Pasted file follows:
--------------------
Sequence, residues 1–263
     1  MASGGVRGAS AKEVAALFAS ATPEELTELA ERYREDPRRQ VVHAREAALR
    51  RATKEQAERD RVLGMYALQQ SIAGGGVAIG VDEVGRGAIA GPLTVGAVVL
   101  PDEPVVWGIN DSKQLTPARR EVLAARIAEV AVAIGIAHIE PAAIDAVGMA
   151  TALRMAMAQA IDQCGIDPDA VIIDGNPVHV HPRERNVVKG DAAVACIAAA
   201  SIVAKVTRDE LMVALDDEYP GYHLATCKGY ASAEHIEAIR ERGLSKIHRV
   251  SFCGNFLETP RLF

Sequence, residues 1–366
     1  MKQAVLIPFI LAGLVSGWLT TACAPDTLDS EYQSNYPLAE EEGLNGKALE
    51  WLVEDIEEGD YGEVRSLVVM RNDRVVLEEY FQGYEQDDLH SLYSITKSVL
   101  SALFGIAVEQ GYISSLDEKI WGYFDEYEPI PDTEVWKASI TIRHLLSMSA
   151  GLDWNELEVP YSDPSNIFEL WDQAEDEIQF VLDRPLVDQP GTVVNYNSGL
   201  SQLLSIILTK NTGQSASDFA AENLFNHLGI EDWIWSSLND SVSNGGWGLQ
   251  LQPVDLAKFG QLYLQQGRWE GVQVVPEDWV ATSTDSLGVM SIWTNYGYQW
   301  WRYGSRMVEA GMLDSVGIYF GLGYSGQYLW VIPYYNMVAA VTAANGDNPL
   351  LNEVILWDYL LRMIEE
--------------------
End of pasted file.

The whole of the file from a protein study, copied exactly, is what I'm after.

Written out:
Sequence, residues 1–263
     1  MASGGVRGAS AKEVAALFAS ATPEELTELA ERYREDPRRQ VVHAREAALR
    51  RATKEQAERD RVLGMYALQQ SIAGGGVAIG VDEVGRGAIA GPLTVGAVVL
   101  PDEPVVWGIN DSKQLTPARR EVLAARIAEV AVAIGIAHIE PAAIDAVGMA
   151  TALRMAMAQA IDQCGIDPDA VIIDGNPVHV HPRERNVVKG DAAVACIAAA
   201  SIVAKVTRDE LMVALDDEYP GYHLATCKGY ASAEHIEAIR ERGLSKIHRV
   251  SFCGNFLETP RLF

Sequence, residues 1–366
     1  MKQAVLIPFI LAGLVSGWLT TACAPDTLDS EYQSNYPLAE EEGLNGKALE
    51  WLVEDIEEGD YGEVRSLVVM RNDRVVLEEY FQGYEQDDLH SLYSITKSVL
   101  SALFGIAVEQ GYISSLDEKI WGYFDEYEPI PDTEVWKASI TIRHLLSMSA
   151  GLDWNELEVP YSDPSNIFEL WDQAEDEIQF VLDRPLVDQP GTVVNYNSGL
   201  SQLLSIILTK NTGQSASDFA AENLFNHLGI EDWIWSSLND SVSNGGWGLQ
   251  LQPVDLAKFG QLYLQQGRWE GVQVVPEDWV ATSTDSLGVM SIWTNYGYQW
   301  WRYGSRMVEA GMLDSVGIYF GLGYSGQYLW VIPYYNMVAA VTAANGDNPL
   351  LNEVILWDYL LRMIEE